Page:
Mechanical cultivation needs a lot of investment from the farmer and needs maintaining and updating. In today’s enormous American grain fields, enormous machines are the only viable option!
Check out the biggest farming machines in the world below!
This can include:
- Tine weeders
- Rotary hoes
- Flame weeders
- Weed zappers
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Problems with Chemical Weed Killers
There’s lots of problems with chemical weed killers.
- They can leach into the surrounding environment. They can pollute waterways and water tables and end up in drinking water.
- There is evidence that exposure to weed killers causes health problems, from dizziness to cardiac arrhythmia and coma! People can be affected by walking near chemical spraying, or by living near crops that are sprayed regularly.
- Weeds often become resistant to weed killers after a while. New chemicals then need to be found to replace them.
- Weed killers kill wanted plants too! They need to be carefully applied.
- Neonicotinoid weed killers kill bees,which are vital for pollination and plant health. These types of weed killer have been banned in many places.
Luckily, there are several pioneering new ways to control weeds, at least on a small to medium scale farm. Below is one of them.
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Masanobu Fukuoka and his “One Straw Revolution”
Japanese rice farmer Masanobu Fukuoka revolutionized farming and weed control when he experimented with permaculture in his fields in 1970.
People laughed at first, but they didn’t when they saw that his crop yield and health had improved and needed little maintenance!
Permaculture means permanent agriculture. It’s a way of farming where natural systems are mimicked.
One of the ideas is no dig farming. The soil is not dug up each time, which gives weeds a chance to grow. Instead, Masanobu allowed the dried stems of last year’s rice crop to remain as mulch and the new seeds were sown in the gaps. This protected the rice seeds and the soil.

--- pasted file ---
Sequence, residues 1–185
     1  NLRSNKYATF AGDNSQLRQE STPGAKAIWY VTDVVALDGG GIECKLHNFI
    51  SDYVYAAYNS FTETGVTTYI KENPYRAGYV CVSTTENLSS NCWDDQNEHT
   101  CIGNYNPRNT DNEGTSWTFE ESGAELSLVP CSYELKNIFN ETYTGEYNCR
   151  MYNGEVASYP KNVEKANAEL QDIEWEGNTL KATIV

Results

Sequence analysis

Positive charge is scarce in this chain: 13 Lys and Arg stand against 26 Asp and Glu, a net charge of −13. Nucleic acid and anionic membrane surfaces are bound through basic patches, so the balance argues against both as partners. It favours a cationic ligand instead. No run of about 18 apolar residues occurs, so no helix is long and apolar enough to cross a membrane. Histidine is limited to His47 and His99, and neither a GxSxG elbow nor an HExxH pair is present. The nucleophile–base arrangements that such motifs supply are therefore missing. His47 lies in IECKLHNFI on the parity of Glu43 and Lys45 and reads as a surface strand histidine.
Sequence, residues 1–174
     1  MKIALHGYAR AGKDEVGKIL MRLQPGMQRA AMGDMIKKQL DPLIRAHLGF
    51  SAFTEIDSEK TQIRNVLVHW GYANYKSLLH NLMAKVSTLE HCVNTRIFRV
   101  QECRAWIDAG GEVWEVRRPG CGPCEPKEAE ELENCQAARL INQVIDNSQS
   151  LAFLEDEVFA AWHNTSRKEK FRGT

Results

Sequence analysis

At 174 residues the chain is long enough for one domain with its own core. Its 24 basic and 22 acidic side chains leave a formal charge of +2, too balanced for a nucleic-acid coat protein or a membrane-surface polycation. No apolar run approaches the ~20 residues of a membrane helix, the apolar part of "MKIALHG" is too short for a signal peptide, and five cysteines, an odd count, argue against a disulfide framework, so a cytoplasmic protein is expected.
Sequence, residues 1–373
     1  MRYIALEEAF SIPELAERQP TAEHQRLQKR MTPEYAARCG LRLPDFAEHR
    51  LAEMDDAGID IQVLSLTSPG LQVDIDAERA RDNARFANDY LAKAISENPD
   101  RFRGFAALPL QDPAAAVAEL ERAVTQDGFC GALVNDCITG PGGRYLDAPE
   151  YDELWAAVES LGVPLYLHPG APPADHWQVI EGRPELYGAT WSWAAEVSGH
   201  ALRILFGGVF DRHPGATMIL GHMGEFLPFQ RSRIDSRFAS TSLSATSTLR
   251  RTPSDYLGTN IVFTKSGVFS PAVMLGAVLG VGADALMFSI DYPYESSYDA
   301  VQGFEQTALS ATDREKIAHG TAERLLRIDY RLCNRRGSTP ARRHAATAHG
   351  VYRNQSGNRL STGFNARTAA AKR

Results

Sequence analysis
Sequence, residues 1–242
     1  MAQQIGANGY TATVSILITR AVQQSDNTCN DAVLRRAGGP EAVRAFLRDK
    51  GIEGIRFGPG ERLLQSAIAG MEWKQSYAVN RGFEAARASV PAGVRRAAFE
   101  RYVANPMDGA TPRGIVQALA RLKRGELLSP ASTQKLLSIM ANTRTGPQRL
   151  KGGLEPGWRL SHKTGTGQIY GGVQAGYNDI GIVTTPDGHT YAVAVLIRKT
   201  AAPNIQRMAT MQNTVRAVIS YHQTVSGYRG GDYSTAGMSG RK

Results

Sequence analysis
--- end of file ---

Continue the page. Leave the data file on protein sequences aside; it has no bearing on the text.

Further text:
He also let the irrigation channels become full of fish. He heaped the rich fish poop on his rice fields to fertilize them. His farm was a great success. Now permaculture is a global movement, especially in smaller farms and gardens.
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What’s the most troublesome weed in agriculture?
It depends on the country. In the US, the most troublesome weed is Palmer Amaranth in both corn and sorghum crops. Foxtail is the most prevalent weed overall. This is according to the 2021 WSSA Survey.
How much do weeds cost the global economy?
Weeds cost the economy roughly $40 billion in global losses. This includes reduced productivity and reduced access to resources, but also aesthetics and impact on human wellbeing!
Why do weeds become a problem?
Weeds reduce crop yield and can harm livestock if they are poisonous, like Ragwort. They outcompete crops for resources such as light, space, nutrients and water. Sme weeds are allelopathic, too. They produce chemicals which stop other plants growing!
How do weeds grow where plants are?
Weeds grow where there is available nutrients and bare soil. Bare soil is rare in a natural ecosystem. Most of the time the land is covered by some sort of plant already.
Only in modern agriculture is the topsoil continuously exposed to weed seeds on a large scale. Sometimes weeds will grow as they came in with the seed of the crop plant.
How are weeds classified?
Weeds can be classified by whether they are an annual (live or one year) or a perennial (live for a number of years). They can also be classified according to where they grow – wetlands, gardens, or dry lands.
They can also be classified by soil type, whether they are introduced or native, morphology, soil pH or cotyledon number!